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Dear Editor:
A couple of days ago, Mr. Alexander stated that the Census data (stating that immigrants are 20% of the US population) was for households in which at least one head of the household was an immigrant. I was puzzled by this statement, because it seems to say that if one head of a household is an immigrant, the whole household would be considered to be immigrant. It would seem then than in the case of an American native married to an immigrant, counting the American native as an "immigrant" would inflate the number of actual, real immigrants. Would the taxes paid by this American citizen be part of the AILA figures of taxes paid by immigrants? If they weren't, the tax figures might have been understated. Mr. Alexander also referred to the responsibility of parents to support their children. Just for the record, I would like to say that parents in Ecuador do have this duty. However, as far as I know it is not part of it the duty to pay a fair share of taxes, but I cannot certify this since I am not an Ecuadorian attorney. I studied law in the US and I am an attorney in the state of Oregon. I passed the bar exam last year, and I remember studying both Federal Income Tax and Oregon's Family Law. I don't remember any reference to the paying of taxes as part of a parent's duty to support his or her children, but the proposition does not strike me as wrong per se. It might be the case, although it would seem that they are two different types of duties, derived from different types of legal relationships, and with different purposes.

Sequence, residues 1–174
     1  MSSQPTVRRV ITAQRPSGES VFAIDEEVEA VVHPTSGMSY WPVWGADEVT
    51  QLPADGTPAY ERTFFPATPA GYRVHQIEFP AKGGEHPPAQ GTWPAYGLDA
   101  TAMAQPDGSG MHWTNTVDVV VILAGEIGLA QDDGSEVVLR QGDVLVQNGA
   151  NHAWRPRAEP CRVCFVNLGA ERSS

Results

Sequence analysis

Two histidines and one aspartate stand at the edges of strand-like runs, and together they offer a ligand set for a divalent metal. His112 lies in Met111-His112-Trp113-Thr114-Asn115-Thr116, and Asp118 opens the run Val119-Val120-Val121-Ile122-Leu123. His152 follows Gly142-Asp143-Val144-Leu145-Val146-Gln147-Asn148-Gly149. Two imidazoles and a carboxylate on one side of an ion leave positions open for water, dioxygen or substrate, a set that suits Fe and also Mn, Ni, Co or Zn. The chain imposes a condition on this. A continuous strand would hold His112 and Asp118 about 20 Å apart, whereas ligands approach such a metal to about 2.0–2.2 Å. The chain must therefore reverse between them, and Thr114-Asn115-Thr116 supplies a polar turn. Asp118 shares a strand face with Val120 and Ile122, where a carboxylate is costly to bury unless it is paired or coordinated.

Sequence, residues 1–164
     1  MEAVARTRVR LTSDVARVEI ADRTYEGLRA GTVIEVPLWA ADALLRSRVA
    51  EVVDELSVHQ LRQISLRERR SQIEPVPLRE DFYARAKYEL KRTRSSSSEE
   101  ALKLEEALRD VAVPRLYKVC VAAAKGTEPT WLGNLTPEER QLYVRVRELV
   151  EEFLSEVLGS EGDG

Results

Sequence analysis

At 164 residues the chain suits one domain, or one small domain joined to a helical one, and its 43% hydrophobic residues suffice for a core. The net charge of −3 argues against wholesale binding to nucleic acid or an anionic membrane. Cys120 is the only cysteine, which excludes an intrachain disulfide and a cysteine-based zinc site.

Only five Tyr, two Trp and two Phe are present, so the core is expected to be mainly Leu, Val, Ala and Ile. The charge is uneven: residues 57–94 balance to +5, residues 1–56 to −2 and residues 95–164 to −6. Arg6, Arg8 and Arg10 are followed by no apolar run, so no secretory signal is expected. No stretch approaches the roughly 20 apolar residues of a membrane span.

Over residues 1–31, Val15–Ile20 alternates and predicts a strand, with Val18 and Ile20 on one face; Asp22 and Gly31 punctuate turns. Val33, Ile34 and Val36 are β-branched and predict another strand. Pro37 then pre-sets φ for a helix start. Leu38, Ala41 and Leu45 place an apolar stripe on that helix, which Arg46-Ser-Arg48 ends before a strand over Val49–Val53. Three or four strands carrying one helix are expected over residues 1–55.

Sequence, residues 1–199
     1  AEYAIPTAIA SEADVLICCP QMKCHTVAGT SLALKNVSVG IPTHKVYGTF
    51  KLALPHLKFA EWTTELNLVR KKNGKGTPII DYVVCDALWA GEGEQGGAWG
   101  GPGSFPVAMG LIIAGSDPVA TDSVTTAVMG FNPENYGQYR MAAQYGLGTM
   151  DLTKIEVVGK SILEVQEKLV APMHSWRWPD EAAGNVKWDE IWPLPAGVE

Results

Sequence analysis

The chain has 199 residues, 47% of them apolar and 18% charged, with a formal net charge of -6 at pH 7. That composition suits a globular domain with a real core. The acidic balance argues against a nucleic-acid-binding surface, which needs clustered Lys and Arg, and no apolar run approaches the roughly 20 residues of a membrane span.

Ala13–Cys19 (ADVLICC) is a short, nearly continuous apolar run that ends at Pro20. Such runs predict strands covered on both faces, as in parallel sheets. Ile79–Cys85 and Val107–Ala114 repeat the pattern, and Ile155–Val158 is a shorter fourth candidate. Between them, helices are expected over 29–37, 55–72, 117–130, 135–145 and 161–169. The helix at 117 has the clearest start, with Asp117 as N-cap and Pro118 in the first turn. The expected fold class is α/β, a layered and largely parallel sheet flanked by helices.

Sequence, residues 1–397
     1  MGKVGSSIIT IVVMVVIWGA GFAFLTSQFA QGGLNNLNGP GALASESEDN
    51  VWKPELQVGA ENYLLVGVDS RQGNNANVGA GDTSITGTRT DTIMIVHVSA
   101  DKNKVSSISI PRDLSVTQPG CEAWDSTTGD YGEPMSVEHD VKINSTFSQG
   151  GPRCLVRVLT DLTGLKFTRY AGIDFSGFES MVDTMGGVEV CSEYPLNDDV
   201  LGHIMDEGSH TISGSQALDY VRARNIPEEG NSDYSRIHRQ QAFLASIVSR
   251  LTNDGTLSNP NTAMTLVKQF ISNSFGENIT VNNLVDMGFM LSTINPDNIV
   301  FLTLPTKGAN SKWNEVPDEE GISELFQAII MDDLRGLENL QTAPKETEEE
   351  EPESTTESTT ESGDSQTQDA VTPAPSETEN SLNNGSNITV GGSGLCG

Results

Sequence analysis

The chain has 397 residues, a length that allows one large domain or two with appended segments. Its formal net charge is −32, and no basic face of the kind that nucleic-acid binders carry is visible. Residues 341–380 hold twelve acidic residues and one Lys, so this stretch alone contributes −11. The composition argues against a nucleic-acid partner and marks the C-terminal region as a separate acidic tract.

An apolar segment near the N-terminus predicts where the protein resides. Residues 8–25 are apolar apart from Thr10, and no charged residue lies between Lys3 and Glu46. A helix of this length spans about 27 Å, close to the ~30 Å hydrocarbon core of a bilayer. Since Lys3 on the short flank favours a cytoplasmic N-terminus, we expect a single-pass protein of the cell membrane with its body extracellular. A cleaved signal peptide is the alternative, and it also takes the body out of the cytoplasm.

Juan Aguiar